The ideal company has zero debt, astronomical growth, an invested management, insignificant competition and isn’t capital intensive (CI). Sadly, these companies are usually high-priced to account for the bounty, as many investors are willing to pay huge earnings multiple for this kind of stock. An example of a company like this is Apple. Most of its costs are downstream in production and assembly, which Apple sub-contracts leaving the low margins to other companies. So, Apple’s money doesn’t need to buy new machinery, improve factory lines, give workers’ healthcare. It only needs to set a margin objective and ask around to who wants to manufacture it. Low money input, high money output.
So, let’s spin it a bit.
What is a CI company? Any company that has to pour its profits back into business just to keep it alive is considered CI. For example, a steel mill company has huge up-front costs (the mill, the iron ore, the workers, the installations, the electricity, the transportation, etc) that need to be reinvested in to maintain the operation. This is a drag on the company’s profits, and when all is accounted for, not much free cash flow is left. Another example, an airline company operates a highly complex system of airplanes, maintenance, workers’ salaries, airports fees, jet fuel costs and so forth. Every dollar the company is able to squeeze out of the normal operation of its business, it tends to already be destined to mend or improve something. This in essence is why most investors prefer owning a company with lots of free cash flow, with few needs to reinvest its profits.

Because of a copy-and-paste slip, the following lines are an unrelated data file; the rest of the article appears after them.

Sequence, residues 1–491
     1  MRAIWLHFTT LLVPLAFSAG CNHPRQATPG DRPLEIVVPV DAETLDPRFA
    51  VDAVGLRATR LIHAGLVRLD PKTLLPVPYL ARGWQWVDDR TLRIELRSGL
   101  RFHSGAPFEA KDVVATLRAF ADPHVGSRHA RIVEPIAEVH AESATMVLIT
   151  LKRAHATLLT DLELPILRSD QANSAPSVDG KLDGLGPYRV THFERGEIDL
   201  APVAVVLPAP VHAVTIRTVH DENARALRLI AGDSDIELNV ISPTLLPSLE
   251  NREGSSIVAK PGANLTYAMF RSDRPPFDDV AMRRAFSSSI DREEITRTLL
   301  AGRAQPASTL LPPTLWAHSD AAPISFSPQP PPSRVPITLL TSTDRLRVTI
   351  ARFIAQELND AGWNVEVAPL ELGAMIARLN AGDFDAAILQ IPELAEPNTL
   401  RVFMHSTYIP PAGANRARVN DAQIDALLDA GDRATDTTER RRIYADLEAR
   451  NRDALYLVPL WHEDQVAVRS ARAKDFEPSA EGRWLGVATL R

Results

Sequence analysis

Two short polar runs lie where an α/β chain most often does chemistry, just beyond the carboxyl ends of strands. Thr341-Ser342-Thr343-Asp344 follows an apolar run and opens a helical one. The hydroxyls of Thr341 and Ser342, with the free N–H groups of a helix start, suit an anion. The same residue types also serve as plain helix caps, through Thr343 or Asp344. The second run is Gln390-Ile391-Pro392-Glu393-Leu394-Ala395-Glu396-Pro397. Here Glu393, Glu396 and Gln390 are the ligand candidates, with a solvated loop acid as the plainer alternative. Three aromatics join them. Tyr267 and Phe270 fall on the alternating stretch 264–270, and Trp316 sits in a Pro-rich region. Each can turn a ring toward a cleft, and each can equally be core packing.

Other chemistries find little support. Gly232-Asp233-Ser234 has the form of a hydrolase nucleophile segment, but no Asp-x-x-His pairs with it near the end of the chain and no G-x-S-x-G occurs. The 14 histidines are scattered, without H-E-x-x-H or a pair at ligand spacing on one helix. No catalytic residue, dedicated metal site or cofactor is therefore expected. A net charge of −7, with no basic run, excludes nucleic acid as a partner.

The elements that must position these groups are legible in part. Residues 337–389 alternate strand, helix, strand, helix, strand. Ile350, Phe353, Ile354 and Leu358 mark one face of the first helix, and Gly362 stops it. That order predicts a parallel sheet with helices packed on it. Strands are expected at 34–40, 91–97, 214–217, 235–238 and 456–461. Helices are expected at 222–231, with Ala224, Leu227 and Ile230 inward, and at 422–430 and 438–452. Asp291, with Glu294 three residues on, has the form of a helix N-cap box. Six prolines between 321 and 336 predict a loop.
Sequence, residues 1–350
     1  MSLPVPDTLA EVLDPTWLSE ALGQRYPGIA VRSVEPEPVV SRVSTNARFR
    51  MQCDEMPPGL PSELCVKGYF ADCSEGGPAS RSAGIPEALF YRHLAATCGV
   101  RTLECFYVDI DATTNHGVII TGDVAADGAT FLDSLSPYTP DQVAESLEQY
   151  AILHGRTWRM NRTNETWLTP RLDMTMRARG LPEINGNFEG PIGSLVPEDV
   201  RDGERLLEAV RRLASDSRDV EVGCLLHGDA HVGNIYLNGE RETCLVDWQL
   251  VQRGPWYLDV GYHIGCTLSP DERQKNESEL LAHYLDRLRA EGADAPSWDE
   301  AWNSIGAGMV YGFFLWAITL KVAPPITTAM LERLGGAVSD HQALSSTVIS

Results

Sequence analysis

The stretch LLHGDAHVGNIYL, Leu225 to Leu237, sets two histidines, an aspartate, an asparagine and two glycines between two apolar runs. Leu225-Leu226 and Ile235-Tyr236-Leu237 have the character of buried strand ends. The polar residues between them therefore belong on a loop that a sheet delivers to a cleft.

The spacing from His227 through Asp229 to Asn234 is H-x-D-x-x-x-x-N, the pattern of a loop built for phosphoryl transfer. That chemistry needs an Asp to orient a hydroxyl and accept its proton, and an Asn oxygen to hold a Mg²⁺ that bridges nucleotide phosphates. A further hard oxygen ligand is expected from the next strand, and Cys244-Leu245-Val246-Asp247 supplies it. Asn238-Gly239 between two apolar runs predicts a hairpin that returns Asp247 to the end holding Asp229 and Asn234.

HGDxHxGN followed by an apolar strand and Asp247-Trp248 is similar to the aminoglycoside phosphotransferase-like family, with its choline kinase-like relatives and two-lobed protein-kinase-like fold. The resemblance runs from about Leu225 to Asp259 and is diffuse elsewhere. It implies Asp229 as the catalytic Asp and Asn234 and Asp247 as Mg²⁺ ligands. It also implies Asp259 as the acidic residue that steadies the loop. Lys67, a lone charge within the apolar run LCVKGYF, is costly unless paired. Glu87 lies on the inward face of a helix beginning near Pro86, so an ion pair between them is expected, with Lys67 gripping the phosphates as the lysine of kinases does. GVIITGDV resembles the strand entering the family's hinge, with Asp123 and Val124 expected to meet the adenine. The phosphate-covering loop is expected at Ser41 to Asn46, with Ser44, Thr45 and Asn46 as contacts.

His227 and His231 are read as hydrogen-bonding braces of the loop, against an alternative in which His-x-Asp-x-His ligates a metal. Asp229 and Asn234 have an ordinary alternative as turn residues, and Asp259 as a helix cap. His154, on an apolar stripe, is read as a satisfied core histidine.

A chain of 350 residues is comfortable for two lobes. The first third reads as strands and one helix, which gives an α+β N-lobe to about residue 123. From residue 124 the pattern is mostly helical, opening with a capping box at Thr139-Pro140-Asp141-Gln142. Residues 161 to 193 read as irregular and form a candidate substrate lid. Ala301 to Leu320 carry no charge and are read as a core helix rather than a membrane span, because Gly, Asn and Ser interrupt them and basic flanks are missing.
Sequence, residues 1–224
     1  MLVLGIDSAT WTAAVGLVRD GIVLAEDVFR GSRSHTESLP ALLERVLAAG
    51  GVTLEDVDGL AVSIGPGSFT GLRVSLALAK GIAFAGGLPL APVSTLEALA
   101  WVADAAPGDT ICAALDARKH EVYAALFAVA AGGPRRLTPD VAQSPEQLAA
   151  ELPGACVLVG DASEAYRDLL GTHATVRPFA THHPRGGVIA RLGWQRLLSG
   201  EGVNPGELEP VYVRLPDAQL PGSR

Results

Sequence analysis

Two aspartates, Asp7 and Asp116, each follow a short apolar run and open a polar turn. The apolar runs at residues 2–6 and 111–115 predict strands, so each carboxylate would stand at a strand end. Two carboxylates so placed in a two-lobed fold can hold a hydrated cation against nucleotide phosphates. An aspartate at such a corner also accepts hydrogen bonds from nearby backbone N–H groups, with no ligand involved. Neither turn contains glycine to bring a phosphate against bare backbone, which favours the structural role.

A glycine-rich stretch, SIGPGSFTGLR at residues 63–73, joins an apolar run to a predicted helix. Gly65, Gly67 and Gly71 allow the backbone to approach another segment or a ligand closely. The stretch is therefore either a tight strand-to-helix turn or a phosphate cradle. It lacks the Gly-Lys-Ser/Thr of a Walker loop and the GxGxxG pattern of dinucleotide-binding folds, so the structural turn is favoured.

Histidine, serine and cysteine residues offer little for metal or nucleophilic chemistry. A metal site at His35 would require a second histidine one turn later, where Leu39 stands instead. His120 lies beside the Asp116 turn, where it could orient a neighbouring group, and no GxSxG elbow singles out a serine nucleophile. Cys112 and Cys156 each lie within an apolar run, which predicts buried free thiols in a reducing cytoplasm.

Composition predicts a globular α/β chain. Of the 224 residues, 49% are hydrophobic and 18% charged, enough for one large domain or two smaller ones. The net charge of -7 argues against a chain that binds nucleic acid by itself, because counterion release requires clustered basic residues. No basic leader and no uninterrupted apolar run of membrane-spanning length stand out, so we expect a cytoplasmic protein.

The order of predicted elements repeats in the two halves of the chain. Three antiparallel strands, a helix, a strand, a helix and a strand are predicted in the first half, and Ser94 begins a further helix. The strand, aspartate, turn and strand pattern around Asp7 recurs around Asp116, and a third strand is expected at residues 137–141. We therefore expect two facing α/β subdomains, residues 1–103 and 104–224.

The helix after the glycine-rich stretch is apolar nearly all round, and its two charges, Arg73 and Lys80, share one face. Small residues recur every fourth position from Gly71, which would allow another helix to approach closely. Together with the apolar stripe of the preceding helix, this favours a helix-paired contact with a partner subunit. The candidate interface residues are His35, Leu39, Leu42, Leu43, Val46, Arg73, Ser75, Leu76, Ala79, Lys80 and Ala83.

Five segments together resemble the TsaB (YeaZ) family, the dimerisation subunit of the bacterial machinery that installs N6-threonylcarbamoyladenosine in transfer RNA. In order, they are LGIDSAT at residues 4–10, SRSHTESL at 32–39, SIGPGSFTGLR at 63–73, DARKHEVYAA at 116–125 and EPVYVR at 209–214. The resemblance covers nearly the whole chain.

When can owning a CI company make sense? Let’s think about up-front costs. If a steel mill company had to invest early on just to start making some money, then it’s logical that every new-comer will also have to pay those costs. And this is why a CI company can be great if it doesn’t have lots of competition. It can feel safe that whatever it does, new competition won’t popup, and even if it does it will spend lots of money just to set up shop. Such a situation can create a big deterrent to competition.